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ABUJA, Oct 5 (Reuters) - Nigeria’s government will prosecute those responsible for the collapse of failed lender Skye Bank, weeks after the central bank withdrew Skye’s operating license, the country’s finance minister said on Friday.
Nigeria’s central bank revoked Skye Bank’s operating licence on Sept 21 and a bridge bank called Polaris was created to take over the lender’s assets. It said state-run bad bank the Asset Management Corporation of Nigeria (AMCON) owned 100 percent of Polaris and the lender would be sold to investors.
“All those found culpable in the failure of the bank would be prosecuted,” the finance ministry said in an emailed statement.
“We have to show some examples, we cannot just be bailing out banks and leaving perpetrators of the failure of these banks to just go scot-free,” Finance Minister Zainab Ahmed was quoted as saying in Friday’s statement. She took over as finance minister after Kemi Adeosun resigned in September.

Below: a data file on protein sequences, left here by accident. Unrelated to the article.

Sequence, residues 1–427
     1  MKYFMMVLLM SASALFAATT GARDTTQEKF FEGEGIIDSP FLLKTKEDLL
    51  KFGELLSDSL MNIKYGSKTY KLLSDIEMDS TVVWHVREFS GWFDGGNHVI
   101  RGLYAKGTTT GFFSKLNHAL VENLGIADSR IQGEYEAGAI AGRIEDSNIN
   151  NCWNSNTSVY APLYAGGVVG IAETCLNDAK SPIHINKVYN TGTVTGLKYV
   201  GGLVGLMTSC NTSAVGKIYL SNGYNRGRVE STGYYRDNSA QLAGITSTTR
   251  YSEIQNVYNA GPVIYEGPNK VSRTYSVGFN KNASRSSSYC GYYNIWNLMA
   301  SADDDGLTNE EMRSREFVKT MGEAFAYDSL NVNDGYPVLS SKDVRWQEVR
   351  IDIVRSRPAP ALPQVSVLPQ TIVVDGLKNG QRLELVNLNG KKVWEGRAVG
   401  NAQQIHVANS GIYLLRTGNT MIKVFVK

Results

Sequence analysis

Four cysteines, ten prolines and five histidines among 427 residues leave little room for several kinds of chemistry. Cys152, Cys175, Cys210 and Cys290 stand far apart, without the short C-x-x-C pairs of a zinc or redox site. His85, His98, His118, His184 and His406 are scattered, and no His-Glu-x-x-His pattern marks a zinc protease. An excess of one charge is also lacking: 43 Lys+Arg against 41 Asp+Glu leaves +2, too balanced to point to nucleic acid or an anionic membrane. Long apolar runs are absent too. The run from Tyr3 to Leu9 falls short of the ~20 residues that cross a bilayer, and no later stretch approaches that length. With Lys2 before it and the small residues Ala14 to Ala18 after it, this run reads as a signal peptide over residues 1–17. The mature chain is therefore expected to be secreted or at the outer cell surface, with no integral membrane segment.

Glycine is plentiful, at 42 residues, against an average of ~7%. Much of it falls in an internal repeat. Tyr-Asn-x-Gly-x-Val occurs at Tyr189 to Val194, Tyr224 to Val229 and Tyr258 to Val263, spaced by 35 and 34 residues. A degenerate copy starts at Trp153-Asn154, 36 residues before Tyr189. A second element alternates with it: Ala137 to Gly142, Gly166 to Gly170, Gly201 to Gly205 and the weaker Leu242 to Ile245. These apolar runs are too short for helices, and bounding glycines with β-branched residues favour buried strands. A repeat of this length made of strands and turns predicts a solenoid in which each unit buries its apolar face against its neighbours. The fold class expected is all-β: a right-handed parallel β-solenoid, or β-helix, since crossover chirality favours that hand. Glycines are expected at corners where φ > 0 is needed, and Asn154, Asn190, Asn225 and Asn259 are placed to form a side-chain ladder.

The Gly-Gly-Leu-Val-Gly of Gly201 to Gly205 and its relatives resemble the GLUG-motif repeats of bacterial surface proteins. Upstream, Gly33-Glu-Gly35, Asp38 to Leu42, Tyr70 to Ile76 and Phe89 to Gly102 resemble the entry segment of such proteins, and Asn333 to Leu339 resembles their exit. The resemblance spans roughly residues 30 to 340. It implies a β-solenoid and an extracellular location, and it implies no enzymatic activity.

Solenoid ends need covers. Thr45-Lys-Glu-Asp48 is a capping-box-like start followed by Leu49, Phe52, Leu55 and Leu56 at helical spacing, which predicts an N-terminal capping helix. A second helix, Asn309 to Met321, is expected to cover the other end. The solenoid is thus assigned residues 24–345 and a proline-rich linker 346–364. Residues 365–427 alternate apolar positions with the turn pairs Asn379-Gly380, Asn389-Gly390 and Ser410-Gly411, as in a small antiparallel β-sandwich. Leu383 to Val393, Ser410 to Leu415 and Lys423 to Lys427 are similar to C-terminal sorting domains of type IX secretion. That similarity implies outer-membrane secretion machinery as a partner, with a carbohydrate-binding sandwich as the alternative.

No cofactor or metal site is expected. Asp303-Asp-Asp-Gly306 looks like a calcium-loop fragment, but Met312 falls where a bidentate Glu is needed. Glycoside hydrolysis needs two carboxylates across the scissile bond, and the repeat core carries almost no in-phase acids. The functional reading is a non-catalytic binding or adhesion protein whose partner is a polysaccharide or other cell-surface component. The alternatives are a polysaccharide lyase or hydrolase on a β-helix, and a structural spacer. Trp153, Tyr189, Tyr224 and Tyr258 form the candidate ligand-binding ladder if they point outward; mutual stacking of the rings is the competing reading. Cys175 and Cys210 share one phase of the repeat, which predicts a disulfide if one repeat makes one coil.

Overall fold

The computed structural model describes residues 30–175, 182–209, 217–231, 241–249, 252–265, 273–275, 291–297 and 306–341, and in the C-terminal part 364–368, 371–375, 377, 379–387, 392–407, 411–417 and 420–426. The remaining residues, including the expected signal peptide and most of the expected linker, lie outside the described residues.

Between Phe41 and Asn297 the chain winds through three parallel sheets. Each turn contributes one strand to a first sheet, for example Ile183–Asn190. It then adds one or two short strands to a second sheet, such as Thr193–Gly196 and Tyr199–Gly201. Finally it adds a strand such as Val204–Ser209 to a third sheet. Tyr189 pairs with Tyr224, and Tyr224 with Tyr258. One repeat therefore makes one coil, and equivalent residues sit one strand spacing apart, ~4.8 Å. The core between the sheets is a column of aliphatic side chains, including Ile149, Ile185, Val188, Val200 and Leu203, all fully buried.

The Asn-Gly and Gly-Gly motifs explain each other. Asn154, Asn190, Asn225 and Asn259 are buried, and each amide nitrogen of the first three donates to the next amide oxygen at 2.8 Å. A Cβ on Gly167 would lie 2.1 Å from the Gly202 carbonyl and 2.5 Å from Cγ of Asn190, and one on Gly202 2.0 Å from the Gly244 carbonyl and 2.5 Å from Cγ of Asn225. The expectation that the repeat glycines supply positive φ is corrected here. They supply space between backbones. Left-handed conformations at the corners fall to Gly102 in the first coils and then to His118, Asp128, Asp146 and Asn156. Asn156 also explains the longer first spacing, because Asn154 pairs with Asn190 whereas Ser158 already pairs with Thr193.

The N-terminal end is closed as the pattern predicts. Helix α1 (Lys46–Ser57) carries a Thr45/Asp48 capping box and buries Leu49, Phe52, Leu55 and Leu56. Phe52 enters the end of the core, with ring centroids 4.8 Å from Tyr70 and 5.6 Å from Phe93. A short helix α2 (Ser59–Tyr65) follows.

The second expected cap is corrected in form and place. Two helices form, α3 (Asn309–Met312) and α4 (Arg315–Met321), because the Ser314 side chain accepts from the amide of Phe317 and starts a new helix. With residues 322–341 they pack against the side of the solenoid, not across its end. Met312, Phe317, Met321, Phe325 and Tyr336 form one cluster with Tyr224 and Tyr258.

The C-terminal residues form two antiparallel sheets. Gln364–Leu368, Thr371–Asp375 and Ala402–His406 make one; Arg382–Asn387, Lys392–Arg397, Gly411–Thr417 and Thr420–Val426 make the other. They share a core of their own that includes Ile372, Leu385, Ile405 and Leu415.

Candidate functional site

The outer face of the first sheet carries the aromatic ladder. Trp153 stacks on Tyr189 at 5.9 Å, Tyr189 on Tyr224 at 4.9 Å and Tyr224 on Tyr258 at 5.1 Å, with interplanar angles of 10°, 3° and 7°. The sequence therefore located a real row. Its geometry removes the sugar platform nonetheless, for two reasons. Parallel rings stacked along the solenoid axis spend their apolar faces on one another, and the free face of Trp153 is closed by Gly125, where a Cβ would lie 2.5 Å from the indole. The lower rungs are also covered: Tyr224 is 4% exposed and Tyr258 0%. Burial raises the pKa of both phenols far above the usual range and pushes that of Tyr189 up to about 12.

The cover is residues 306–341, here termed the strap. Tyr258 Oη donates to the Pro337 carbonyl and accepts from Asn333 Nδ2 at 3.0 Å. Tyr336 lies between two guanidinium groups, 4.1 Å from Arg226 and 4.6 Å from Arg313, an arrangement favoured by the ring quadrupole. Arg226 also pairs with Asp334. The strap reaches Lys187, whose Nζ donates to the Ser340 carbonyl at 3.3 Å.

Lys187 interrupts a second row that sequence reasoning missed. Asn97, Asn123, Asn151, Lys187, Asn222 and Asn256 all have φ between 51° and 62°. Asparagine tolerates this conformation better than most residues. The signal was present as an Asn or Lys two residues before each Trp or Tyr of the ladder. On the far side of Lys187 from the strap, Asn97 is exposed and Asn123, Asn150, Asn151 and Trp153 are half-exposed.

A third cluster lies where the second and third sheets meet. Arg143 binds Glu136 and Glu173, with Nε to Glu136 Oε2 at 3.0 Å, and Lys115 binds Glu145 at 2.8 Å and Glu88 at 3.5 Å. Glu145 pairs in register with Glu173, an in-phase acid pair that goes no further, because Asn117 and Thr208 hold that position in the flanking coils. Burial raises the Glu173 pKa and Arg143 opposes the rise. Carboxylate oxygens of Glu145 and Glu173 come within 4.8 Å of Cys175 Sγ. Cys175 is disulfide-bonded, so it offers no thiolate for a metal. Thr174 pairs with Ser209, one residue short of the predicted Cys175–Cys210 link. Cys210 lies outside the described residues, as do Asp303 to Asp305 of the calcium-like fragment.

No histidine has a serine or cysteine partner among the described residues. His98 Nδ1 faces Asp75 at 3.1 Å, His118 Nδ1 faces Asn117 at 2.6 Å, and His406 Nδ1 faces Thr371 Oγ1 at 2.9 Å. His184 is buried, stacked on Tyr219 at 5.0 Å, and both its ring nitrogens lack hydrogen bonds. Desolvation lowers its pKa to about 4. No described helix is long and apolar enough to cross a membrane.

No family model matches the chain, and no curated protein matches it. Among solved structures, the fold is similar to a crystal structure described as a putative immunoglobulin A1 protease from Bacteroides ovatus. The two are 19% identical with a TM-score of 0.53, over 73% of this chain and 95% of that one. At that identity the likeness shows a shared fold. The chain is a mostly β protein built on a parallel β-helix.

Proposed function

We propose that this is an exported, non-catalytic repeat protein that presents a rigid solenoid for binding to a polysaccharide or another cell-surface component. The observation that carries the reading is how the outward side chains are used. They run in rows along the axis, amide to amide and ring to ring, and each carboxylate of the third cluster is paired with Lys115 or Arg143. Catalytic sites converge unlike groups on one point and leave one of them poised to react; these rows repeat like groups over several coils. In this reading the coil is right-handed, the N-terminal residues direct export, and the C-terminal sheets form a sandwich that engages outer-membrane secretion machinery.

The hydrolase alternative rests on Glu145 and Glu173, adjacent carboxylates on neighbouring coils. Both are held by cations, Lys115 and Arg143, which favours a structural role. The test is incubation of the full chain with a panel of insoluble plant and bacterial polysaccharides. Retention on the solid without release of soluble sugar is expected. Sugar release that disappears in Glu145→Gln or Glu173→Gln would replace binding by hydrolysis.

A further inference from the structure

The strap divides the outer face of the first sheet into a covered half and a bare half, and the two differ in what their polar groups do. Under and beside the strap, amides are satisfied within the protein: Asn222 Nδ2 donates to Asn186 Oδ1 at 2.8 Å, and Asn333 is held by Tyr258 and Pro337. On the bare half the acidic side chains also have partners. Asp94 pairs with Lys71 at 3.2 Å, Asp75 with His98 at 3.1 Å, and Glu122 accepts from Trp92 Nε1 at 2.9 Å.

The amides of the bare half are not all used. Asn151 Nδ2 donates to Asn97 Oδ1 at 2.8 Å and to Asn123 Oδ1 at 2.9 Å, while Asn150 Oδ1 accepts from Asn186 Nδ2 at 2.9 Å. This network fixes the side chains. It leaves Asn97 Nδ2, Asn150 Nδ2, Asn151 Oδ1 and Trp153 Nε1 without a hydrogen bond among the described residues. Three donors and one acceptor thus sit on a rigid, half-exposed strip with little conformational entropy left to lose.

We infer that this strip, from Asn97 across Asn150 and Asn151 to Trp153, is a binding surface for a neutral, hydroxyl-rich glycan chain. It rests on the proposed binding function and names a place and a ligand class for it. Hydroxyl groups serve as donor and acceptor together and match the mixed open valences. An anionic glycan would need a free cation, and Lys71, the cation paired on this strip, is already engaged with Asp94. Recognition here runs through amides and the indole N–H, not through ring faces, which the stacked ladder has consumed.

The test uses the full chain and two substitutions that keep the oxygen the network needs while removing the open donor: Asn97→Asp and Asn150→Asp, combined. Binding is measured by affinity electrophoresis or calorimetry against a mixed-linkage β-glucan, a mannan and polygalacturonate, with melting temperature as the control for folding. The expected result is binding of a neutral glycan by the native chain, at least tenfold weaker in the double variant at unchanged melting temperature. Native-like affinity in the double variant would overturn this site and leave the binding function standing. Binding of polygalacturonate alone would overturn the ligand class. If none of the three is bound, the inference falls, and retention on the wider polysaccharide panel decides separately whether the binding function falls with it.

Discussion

The central bank shored up Skye Bank, a mid-tier lender, in 2016 with a 100 billion naira ($327 million) capital injection after sacking its top management for failing to meet minimum capital requirements. It then appointed a new management team.
Skye’s problems started after it used short-term funds to buy local lender Mainstreet Bank in 2014 but failed to raise fresh cash. It had been in talks with shareholders and investors to raise capital but suspended plans after weak oil prices hit the capital markets and drove foreign investors away. ($1 = 305.4000 naira) (Reporting by Camillus Eboh Writing by Chijioke Ohuocha and Alexis Akwagyiram Editing by Louise Heavens)